Commitment and Acceptance Therapy

What is Commitment and Acceptance Therapy

A type of psychotherapy and a branch of behavioral behavior analysis is commitment and acceptance therapy (ACT, usually pronounced as the word act). It is an empirically-based therapeutic technique that incorporates techniques of recognition and mindfulness combined with determination and behavior-change strategies in various ways to improve psychological versatility.

Initially, the technique was called systematic distancing. In this article, we will discuss what is Commitment and Acceptance Therapy, Acceptance Therapy Flexibility, and some little information about acceptance therapy.

What is acceptance therapy?

Therapy is a subset of cognitive therapy that focuses on the process of enhancing present-moment awareness, building personal relationships, and addressing the thoughts and feelings that have prevented someone from achieving increased satisfaction in his or her life.

Acceptance therapy is a newer therapy that has received a lot of attention in psychology research lately. Although relatively new, it has been the subject of numerous studies.

Acceptance therapy uses awareness-based techniques, acceptance, and behavioral activation techniques as the main tools to provide psychological flexibility. It is not based on traditional CBT assumptions. It is a technique that focuses on a person’s holistic development, awareness, and change rather than a pragmatic aim of symptom reduction or symptom relief.

acceptance therapy
Source: @lisaoliveratherapy
From the book Self-Esteem: A Proven Program of Cognitive Techniques for Assessing

“Another way to think about putting your values into action is the ‘bus metaphor’, a favorite of Steve Hayes, the father of acceptance and commitment therapy. According to this metaphor, you are driving a bus called your life. On the front of the bus is a sign saying where you are headed. The sign is an important value, like “keeping promises” or “being compassionate.” However, as soon as you turn the bus into the direction of your values, barriers pop up in front of you like monsters. These monsters are your painful feelings of low self-esteem, fear, depression, anger, and so on. You cannot run over the monsters or go around them. You stop the bus and wait for them to go away, but they never do. The bus of your life is stalled by the side of the road.

The secret to acting on your values is to let the monsters on the bus. Invite them aboard, give them seats, and take them along for the ride. They will continue to heckle you from the back of the bus, telling you that the way you’re going is too dangerous, stupid, difficult, pointless, and so on. That’s what monsters do. That’s their job. Your job is to let them yammer away while you continue to drive the bus in your chosen direction.”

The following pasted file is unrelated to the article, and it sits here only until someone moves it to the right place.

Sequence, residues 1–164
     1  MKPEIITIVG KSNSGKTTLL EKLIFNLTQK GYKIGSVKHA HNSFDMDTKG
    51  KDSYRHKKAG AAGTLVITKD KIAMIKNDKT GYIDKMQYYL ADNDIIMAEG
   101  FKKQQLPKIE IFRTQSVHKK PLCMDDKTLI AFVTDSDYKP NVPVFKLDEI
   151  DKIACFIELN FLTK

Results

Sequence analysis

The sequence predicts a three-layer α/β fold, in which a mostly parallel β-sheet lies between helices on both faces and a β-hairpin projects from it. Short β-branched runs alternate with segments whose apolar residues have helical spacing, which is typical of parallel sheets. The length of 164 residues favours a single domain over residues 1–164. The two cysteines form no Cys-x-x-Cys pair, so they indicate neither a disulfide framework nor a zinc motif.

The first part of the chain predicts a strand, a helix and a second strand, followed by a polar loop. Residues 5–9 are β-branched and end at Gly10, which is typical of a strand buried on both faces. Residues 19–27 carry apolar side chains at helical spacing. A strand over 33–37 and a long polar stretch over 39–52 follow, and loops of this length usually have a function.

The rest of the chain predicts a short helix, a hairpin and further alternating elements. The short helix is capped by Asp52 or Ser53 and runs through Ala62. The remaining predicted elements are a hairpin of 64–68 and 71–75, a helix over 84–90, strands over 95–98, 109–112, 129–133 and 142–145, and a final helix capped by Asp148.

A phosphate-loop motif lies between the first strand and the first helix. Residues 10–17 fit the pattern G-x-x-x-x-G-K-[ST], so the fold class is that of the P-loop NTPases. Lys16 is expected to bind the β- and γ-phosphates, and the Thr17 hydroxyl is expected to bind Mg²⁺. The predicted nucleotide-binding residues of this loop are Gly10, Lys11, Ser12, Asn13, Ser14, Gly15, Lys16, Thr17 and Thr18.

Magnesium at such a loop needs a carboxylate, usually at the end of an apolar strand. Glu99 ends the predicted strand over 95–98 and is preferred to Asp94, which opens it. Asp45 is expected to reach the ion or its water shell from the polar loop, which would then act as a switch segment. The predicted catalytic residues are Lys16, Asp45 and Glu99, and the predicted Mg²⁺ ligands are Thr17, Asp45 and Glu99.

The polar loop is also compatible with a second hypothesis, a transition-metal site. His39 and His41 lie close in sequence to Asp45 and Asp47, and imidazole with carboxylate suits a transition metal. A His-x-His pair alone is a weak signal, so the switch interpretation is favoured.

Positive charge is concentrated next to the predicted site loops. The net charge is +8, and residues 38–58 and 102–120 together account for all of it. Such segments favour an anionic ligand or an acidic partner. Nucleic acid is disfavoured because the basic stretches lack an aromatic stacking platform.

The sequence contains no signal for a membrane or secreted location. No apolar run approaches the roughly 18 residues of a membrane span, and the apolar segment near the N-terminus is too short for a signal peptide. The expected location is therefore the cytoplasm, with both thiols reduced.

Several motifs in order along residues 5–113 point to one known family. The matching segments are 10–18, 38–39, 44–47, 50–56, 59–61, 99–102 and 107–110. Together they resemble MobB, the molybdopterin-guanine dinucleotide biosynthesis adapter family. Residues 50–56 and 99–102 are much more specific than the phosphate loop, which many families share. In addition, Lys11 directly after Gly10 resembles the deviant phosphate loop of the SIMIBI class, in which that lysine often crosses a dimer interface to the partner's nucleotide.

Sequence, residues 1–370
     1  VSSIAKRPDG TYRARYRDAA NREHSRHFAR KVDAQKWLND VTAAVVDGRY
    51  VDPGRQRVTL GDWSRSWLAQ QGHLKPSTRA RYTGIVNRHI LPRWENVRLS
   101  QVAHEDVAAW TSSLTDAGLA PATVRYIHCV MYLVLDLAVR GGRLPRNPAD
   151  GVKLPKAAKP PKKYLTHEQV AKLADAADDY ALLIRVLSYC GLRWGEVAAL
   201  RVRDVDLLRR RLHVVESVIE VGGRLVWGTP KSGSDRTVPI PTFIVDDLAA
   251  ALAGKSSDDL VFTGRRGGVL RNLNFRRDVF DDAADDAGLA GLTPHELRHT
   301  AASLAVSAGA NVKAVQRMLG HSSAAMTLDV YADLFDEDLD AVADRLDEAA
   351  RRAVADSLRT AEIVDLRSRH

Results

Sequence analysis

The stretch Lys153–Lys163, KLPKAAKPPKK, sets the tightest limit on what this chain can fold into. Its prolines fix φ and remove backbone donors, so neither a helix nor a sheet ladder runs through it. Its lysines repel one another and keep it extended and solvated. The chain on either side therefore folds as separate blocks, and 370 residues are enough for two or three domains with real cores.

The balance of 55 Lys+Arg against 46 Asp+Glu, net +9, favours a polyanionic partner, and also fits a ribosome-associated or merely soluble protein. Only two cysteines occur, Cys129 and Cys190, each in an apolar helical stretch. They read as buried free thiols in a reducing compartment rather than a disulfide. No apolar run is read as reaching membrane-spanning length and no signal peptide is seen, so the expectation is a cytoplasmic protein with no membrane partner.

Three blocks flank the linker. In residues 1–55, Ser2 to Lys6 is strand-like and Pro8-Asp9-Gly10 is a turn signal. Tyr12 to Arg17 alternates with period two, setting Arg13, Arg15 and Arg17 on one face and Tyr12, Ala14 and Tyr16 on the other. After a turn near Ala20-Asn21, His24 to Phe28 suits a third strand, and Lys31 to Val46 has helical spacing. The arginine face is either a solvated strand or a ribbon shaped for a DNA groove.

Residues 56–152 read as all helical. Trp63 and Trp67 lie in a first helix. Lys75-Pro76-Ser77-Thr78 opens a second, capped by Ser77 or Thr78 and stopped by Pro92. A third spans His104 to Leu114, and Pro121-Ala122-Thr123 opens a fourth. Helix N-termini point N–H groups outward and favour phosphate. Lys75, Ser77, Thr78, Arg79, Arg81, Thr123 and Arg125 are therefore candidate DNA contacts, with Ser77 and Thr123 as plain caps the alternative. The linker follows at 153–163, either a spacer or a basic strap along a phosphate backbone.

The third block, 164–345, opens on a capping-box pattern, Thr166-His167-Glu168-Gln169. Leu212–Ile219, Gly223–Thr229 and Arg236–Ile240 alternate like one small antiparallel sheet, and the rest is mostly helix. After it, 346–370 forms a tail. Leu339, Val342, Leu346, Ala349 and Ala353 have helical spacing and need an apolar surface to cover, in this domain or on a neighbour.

Matthew McKay, Patrick Fanning
commitment and acceptance therapy 1

ACT Employs Six Core Principles to Achieve Psychological Flexibility

Cognitive defusion: Learning methods to reduce the tendency to ‘buy into’ harmful or ineffective thoughts, images, emotions, and memories. Rather than trying to change the way we think about things or try to talk ourselves out of our opinions, cognitive defusion helps to give us the choice to just not engage with harmful thoughts. 

Acceptance: Allowing thoughts to come, making space for them rather than spending all of one’s energy fighting with them. Acceptance also includes acceptance of uncomfortable emotions and physical sensations. By learning to be more willing to tolerate discomfort, actively pursuing what we want in life becomes easier. 

Contact with the present moment: mindful connection to the present, experienced with clarity, interest, and devoid of judgment. Rather than giving in to catastrophic interpretations of what is happening, mindfulness teaches us to connect to the actual reality of the present moment in a way that is more grounded and less painful. 

Observing self: Accessing a transcendent sense of self, as an arena where you experience both pleasant and unpleasant events, but have no power to actually harm oneself.

Values: Discovering what is most important to one’s true self. Values are our compass, not the promise of pleasant experiences. Every large goal inevitable has components that are unpleasant, or that we would rather avoid. By clarifying values and acting in ways that realize them, we become less involved in unhelpful emotional avoidance strategies. 

Committed action: Moving toward value-based goals effectively. This is really about making effort at making our values happen, even when it is difficult, or when we experience unpleasant situations. By consistently building the life we want to live, we move in the direction of being vitally engaged in a life that is meaningful. 


Last Updated on December 12, 2022 by Lucas Berg


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